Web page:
With his latest proposals to raise property taxes by as much as $2 billion, Mayor Bloomberg seems set on trying to fix the city’s fiscal problems on taxpayers’ backs. Unfortunately, this is a familiar strategy in New York, where politicians look to tax increases to solve their budget problems far more often than is true in other locales—in part because those who control the debate in the city have perpetuated deep confusions about the municipal budget and have advanced crafty justifications for higher taxes. Here are 11 of the biggest myths, misconceptions, and rationalizations making the rounds now.

1. The city’s tax revenues are falling. In fact, it’s projected that revenues from city taxes and fees will rise next year—by about $2 billion, in some estimates. The projected deficit for next year is so large because the city’s expenses are increasing faster than tax collections. Even in the current fiscal year, tax revenues aren’t falling; they’re simply not coming in at the anticipated rate. Only in 2001 did tax revenues actually decline sharply, a result of the nearly complete shutdown in economic activity on and immediately after September 11.

2. Residential property owners can afford a tax hike because their tax rates are low compared with the suburbs. Those who make this argument brush over the city’s personal income tax, something that the suburbs don’t impose. Add that income tax together with the city’s property taxes, and New York City homeowners pay about the same in local taxes as many homeowners living in the close-in, middle-income suburbs. Moreover, while homeowners in more luxurious suburbs do pay much more in overall taxes, they get something New Yorkers don’t get for that money: good schools. In fact, the lack of good schools, combined with the city’s high tax rate, is a big reason New York has a net outflow of families with young children. For such families, the city is a lousy deal, and raising property taxes will just make it lousier still.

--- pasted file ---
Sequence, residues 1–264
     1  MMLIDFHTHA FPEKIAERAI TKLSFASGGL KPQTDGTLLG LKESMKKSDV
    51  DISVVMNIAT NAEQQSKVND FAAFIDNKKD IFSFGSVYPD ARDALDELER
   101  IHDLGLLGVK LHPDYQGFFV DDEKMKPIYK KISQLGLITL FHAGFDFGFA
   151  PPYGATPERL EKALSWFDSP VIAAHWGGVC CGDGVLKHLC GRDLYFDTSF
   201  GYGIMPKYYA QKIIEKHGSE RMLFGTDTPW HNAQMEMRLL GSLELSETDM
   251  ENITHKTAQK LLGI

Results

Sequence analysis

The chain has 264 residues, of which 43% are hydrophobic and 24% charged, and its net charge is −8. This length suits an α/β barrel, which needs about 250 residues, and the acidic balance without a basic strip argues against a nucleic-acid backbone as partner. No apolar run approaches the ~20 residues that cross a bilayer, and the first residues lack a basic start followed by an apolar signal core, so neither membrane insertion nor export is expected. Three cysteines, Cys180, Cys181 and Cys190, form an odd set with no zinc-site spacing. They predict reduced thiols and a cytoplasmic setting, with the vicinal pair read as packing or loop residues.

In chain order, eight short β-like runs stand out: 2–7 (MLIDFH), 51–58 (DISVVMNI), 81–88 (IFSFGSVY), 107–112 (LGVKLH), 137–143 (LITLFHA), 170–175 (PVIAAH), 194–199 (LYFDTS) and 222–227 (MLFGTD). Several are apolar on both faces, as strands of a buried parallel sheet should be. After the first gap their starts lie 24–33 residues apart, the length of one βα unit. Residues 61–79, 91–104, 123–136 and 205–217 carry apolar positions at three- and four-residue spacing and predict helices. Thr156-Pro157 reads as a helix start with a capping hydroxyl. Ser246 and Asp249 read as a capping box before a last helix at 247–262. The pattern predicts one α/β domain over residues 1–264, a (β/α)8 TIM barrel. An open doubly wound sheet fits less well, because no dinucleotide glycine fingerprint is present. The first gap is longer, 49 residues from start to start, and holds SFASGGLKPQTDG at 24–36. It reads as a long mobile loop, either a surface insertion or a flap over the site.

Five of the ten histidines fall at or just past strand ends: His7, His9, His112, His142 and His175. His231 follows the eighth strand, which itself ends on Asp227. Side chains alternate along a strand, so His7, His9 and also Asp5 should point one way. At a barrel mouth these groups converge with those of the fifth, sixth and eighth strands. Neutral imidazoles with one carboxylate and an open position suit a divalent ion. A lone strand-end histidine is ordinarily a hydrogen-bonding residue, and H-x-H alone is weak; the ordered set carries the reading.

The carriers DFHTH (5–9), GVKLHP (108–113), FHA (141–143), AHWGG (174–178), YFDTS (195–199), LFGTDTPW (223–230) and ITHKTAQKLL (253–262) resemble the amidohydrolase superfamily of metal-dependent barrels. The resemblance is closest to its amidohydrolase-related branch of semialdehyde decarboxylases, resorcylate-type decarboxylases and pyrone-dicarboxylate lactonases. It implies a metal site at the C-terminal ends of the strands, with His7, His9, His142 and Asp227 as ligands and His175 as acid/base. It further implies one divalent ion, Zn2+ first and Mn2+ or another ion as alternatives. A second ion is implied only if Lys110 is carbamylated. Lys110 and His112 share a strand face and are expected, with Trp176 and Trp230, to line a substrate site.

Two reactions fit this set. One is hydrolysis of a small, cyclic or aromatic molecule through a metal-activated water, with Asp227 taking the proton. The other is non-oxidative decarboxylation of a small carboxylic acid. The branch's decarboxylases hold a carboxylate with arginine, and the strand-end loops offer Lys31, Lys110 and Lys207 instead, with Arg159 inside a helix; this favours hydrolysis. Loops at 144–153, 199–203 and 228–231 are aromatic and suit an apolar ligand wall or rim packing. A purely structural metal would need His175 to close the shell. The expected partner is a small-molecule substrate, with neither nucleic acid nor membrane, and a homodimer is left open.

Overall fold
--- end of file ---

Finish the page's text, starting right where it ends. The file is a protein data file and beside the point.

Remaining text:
3. Raising taxes will add billions to the city treasury but only cost average New Yorkers a few dollars a day. This is what I call the gradualist argument—always seeking to break down every tax increase by the week, day, or hour to make it appear as small as possible. But because taxes almost always increase during bad times and rarely decline afterward, the cumulative effect is staggering. Over the last ten years, the city has collected $250 billion in taxes and fees; if New York had merely taxed its citizens at the average of other big cities like Los Angeles and Chicago, it would have collected about $145 billion during the same period. That’s what the gradualism argument eventually gets you: $105 billion more siphoned out of the private economy over the course of a decade.

4. Still, the only fair way to deal with the city’s budget deficit is to share the pain among all parties. This argument ignores a crucial fact: in New York, those who pay taxes always bear most of the pain, in good times and bad. The city taxes its residents and businesses at a rate about 75 percent higher than do other big American cities, while the city’s municipal workforce is among the largest in the country, and many of its work rules and health and pension benefits among the most lavish. City government should be the servant of the people; in Gotham, however, political leaders often seem to think that private taxpayers exist solely to fund government.

5. Shrinking the city’s workforce is a bad idea because the city is already in a recession. Some advocates for big government argue that municipal spending can boost a struggling economy. But government doesn’t generate wealth or capital, and the money to finance municipal jobs comes out of the private economy. Taking more money out of a shrinking economy via higher taxes is only going to prompt more private sector losses.